Quintain Wembley Park
Wembley Park in London used Delve by Sidewalk Labs to generate designs that added density without losing daylight

What is generative design? | Jargon buster

What would happen if architects could generate hundreds of designs for a development instantly – designs that perfectly meet a design brief? That’s precisely what generative design software does. Brian Ho, product manager at Delve by Sidewalk Labs, part of Google, explains what generative design is and how it can benefit real estate.

In one sentence, what is generative design?

Generative design is a way to produce many design solutions by defining goals and rules for what you want, rather than creating designs one-by-one that may — or may not — meet your actual needs.

What are the most compelling reasons for using generative design in real estate?

There are many reasons real estate teams would use generative design. Here are just a few:

  • Automation: developers often need to evaluate feasibility by applying the same process to a new site or development program. Generative design lets you encode that process, so you can quickly produce options and analysis just by changing a few key inputs (e.g. the project location or the target number of residential units).
  • Flexibility (and de-risking): real estate development is full of uncertainty and risk. Normally, even minor changes to fundamental assumptions (e.g. changing which parcels will be developed first vs. later, or switching a project from primarily residential to commercial) require starting over. With generative design, this is simply a matter of updating your inputs and generating a new option.
  • Better outcomes: for complex projects, it’s not obvious how best to maximise density or return without compromising other key project goals around sustainability and quality of life. Generative design enables developers to measure, compare, and make data-driven decisions about those competing requirements to get more value out of the project. For example, using Delve, developer Quintain was able to optimise its 12-acre mixed-use project in the Wembley Park neighbourhood of London. The developer was able to increase unit yield by 8% while also improving the performance of quality of life metrics like daylight access, sun hours, and open space.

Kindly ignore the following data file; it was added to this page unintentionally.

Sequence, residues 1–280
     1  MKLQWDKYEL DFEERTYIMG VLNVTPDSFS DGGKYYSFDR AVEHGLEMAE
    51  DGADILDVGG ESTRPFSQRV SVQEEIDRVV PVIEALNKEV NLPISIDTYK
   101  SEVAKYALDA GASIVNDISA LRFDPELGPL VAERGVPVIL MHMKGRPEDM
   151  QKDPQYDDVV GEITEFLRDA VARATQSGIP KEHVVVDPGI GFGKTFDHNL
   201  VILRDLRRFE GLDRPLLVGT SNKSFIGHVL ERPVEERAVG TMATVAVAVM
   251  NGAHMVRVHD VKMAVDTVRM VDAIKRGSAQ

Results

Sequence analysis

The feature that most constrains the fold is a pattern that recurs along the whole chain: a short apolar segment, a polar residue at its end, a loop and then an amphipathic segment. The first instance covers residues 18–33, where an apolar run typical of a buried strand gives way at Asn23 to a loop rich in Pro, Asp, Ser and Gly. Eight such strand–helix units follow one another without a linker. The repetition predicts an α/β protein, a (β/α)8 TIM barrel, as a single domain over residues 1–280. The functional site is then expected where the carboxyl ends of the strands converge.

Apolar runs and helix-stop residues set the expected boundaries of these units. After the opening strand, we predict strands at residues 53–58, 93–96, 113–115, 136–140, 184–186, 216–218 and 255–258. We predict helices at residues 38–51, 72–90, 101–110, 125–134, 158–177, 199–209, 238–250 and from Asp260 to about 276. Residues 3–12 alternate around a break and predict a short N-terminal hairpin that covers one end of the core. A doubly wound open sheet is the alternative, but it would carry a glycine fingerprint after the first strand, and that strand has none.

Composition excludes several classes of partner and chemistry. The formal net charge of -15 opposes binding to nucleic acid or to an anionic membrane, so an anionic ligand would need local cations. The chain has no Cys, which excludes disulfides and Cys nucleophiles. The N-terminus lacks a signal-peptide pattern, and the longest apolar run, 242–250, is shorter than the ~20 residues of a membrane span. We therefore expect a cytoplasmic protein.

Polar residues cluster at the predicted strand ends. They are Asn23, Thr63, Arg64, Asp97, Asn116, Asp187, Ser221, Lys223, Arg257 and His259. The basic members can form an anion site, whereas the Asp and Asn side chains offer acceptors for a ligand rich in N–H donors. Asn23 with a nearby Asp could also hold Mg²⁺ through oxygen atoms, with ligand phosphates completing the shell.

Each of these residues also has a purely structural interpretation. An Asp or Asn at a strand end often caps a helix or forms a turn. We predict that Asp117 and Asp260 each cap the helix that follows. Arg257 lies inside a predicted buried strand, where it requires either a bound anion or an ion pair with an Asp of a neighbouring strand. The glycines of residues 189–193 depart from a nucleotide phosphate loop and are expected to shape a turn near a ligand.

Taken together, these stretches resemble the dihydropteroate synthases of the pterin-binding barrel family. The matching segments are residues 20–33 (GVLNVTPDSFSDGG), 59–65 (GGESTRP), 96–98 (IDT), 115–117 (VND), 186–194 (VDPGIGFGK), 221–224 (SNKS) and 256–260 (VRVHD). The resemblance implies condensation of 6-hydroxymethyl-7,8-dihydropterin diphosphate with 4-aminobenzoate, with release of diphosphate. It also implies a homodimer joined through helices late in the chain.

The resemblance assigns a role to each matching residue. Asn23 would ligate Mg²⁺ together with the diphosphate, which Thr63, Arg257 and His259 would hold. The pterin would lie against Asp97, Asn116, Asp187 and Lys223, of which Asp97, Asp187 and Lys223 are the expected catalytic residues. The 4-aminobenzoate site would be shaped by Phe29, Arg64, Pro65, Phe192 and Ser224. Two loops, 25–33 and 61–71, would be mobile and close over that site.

What’s the role of the human in generative design? Does generative design even need human input?

Yes, there’s an important role for humans. By automating the process of creating and evaluating designs, generative design frees up humans to focus on more important work in a design process: defining our goals and preferences. Those are critical human inputs! But generative design automates other pieces — like making sure the numbers in a financial model spreadsheet match the latest massing study (or vice versa).

After you’ve created a useful option with generative design, humans can fine-tune designs and build upon them. For Delve, an initial massing study can then become a more complete architectural and urban design, with an emphasis on placemaking.

How would using generative design change what skills an architect or developer needs?

We want generative design to meet users where they are — using generative design should not be any more work than defining an early project brief. It effectively saves time for architects and developers so they can focus more on the later stages of planning and design using the data-driven baseline of assumptions for the project that have been determined using generative design.

Do you have any examples of buildings that were developed using generative design? Any big developers using it now?

The development and design process is already a kind of “generative design” — most major projects start with requirements, goals and constraints; development teams solve for those inputs iteratively by producing options, getting feedback and improving. The technology just speeds that up (a lot).

Some cool examples of generative design in building design are in settings related to engineering or manufacturing, such as factories where there are lots of rules and constraints about what equipment needs to go where.

Are there limits to what generative design can and can’t design in a building? If so, what are they?

In the long run, we’re excited about expanding the use case of generative design into other parts of the real estate design and development process. But there will almost certainly be parts of designs that remain separate. Placemaking — creating amazing experiences, buildings and neighbourhoods that we live and work in — will always require a human touch from experts, stakeholders and communities.

Brian Ho is product manager at Delve by Sidewalk Labs, software that helps real estate teams create designs “better, faster and with less risk”.

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